A CONTROVERSIAL development in the heart of Edinburgh's historic Old Town is set to be revived after a London firm was selected as preferred bidder for the site.
Allied London has revealed it is dealing exclusively with Edinburgh city council and administrators handling the site of the doomed Caltongate scheme, which collapsed last year after its developer went bust.
Widespread changes are expected to be made to the previous development, costed at 300 million, which triggered a high-profile protest campaign and international condemnation by Unesco inspectors and an investigation by the European Commission.
A new "commercial and government quarter" is now being planned for the site, off the Royal Mile. A major new retail development is expected to be created under the plans by the firm, which was behind ventures such as Spinningfields in Manchester city centre, The Brunswick in London and St Christopher's Place in St Albans.
However, Allied London has raised hopes of a reprieve for two listed buildings that had been due to make way for a five-star hotel and conference centre under the previous scheme, by hinting that this element of the project is likely to be scaled back.
The company has pledged to work with heritage bodies in the capital to try to "integrate" the development into the surrounding landscape.
Allied London hopes to avoid having to start the planning process from scratch and is expected to make changes to the previously agreed scheme rather than submit a brand new one. Its development will be rejigged so it fits in more with the nearby Waverley Gate office complex in Waterloo Place, which has attracted a host of public sector tenants, the new-look Waverley Station and the overhaul of the St James shopping centre, work on which is expected to start next year.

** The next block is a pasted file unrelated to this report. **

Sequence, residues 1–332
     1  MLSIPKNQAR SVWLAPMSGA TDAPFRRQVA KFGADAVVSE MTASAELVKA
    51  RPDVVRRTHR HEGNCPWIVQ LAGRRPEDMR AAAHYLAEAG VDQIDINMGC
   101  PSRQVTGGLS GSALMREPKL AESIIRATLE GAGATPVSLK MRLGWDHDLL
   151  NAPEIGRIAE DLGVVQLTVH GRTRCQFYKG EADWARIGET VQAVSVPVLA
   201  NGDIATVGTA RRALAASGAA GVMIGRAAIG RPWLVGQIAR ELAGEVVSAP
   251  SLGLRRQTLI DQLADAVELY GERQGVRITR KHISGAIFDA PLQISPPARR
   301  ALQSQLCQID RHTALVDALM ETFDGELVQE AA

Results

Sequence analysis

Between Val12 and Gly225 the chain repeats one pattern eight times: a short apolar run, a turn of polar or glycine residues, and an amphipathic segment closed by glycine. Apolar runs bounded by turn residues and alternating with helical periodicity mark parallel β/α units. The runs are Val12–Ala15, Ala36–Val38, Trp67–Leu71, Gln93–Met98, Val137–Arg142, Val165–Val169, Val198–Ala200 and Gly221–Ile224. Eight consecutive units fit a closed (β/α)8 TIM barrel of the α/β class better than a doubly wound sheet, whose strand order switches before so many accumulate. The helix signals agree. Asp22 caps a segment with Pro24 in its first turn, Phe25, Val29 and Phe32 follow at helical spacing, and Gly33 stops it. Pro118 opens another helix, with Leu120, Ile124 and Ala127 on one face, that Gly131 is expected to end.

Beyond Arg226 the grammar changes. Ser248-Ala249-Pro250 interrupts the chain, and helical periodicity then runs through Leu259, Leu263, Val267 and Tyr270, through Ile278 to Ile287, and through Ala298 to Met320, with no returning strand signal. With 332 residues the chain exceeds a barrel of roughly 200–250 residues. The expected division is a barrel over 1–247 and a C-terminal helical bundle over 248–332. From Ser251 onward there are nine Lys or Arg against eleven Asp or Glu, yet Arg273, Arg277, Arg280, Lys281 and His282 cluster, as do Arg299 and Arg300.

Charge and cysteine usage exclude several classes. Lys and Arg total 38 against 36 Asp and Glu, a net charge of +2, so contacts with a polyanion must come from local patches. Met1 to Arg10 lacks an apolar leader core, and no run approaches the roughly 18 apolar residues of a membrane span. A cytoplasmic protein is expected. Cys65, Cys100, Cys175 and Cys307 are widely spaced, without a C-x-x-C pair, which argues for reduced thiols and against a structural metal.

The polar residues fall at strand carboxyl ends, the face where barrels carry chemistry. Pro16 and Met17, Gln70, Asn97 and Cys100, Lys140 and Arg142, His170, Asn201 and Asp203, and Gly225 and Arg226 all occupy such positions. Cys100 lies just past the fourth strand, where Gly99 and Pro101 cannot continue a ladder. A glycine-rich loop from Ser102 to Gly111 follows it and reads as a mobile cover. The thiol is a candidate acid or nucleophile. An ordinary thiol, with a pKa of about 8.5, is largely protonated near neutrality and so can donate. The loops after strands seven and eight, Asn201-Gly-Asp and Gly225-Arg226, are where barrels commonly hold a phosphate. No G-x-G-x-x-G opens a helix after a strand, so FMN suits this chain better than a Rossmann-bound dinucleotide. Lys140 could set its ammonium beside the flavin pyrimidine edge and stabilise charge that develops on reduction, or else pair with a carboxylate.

A source close to the new plans said: "There is no need to start from scratch, but it's clear that the market is very different in Edinburgh than it was five years ago. We are looking closely at existing developments in the area and also what is going to be happening with the station. We don't see a five-star hotel as being integral to the new scheme."
Allied London said it expected negotiations to buy previous developer Mountgrange's assets from Deloitte, which is handling them on behalf of Lloyds Banking Group, to continue for several months.
A spokesman for the firm said: "We are well aware of the sensitivities surrounding the site. However, we have always worked very closely with the authorities, heritage organisations and neighbours in our previous schemes, and we are also planning to do that in Edinburgh."
More than 2,000 jobs had been promised under the Caltongate development, plans for which were first unveiled by Mountgrange in 2005.
Its scheme included the creation of the five-star hotel and conference centre, up to 200 new flats, 120,000sq ft of office space, cafs, bars and restaurants, and a new public square. The firm went into administration last March.
The impact of its planned project on the Old Town was widely thought to have triggered a Unesco inquiry into Edinburgh's World Heritage status.